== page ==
Chances are the building you’re photographing is bigger than you. This means that you will be looking upwards. This means they will be acres and acres of sky in the picture. If possible, frame your photo with some trees branching or another building – anything to crop the image down – and give it some context. Using other buildings to frame another building is a super cool way of approaching photography when it comes to buildings. For this, you will need wide-angle lenses – the wider, the better.


photographing buildingsIf it is nighttime, quite often impressive-looking buildings are lit up like Christmas trees and look like they’ll make for an amazing photo. Beware of leaving your camera settings on automatic, as the low lights and high levels of contrast can sometimes ruin your shot. Bright lights will become halos, while dark sections will be black as black. Instead, adjust your ISO settings to a nighttime mode, and set a nice long exposure time to allow more light into the camera. Any lights will look bolder and brighter with a long exposure time to. Practice getting this right.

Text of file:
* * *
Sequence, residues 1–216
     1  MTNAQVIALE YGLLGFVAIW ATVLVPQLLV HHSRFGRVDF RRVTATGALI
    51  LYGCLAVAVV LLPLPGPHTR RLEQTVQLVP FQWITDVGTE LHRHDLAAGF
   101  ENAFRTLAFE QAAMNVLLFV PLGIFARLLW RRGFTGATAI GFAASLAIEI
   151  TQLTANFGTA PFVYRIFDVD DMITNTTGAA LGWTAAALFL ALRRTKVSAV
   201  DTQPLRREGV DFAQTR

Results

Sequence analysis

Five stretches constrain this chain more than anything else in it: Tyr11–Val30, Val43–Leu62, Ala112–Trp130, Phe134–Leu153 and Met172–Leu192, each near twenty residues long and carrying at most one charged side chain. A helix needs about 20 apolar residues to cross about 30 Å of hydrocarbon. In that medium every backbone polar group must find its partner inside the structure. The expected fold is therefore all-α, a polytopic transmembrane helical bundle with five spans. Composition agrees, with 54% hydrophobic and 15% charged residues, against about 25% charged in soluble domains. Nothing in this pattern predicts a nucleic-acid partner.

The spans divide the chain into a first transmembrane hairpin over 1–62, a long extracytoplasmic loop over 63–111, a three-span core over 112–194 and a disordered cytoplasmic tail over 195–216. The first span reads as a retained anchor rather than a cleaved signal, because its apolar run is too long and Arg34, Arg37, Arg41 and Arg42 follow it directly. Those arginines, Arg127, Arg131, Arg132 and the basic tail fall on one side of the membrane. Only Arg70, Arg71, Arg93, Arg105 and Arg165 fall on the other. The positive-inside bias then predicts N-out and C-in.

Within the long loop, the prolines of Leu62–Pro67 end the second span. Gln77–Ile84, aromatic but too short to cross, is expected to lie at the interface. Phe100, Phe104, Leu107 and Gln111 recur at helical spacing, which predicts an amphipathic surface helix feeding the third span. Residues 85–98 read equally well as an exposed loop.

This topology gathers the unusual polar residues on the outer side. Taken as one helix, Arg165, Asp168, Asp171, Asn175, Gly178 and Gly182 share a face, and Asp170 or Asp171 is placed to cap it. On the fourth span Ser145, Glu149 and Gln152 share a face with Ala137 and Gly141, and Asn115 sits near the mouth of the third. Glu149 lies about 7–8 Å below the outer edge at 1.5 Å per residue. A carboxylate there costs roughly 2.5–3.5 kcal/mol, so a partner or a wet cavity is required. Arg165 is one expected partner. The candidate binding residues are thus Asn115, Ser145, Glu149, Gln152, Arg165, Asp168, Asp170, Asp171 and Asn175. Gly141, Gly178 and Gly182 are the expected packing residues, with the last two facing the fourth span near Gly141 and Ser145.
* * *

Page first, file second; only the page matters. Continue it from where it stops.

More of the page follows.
Post Processing

Sometimes buildings are being worked on. There might be scaffolding or cranes or discolored bits going on, which detract from the otherwise flawless quality of your photograph. Or, maybe the colors are not quite as bold as you’d anticipated. In this digital age, don’t be afraid to touch them up in an editing package , and make everything perfect. Buildings are brilliant and make for amazing snaps. It’s worth taking the extra time to make sure your shot is perfectly set up which will result in a superior photo done you.